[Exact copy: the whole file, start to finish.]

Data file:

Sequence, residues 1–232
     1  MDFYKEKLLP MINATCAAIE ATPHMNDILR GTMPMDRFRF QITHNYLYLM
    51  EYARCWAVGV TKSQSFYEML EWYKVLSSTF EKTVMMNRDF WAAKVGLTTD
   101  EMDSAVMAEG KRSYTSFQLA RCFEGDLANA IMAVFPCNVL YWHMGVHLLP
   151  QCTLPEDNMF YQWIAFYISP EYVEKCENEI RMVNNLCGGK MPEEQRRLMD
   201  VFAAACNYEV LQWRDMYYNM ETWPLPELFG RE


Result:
Sequence, residues 1–232
     1  MDFYKEKLLP MINATCAAIE ATPHMNDILR GTMPMDRFRF QITHNYLYLM
    51  EYARCWAVGV TKSQSFYEML EWYKVLSSTF EKTVMMNRDF WAAKVGLTTD
   101  EMDSAVMAEG KRSYTSFQLA RCFEGDLANA IMAVFPCNVL YWHMGVHLLP
   151  QCTLPEDNMF YQWIAFYISP EYVEKCENEI RMVNNLCGGK MPEEQRRLMD
   201  VFAAACNYEV LQWRDMYYNM ETWPLPELFG RE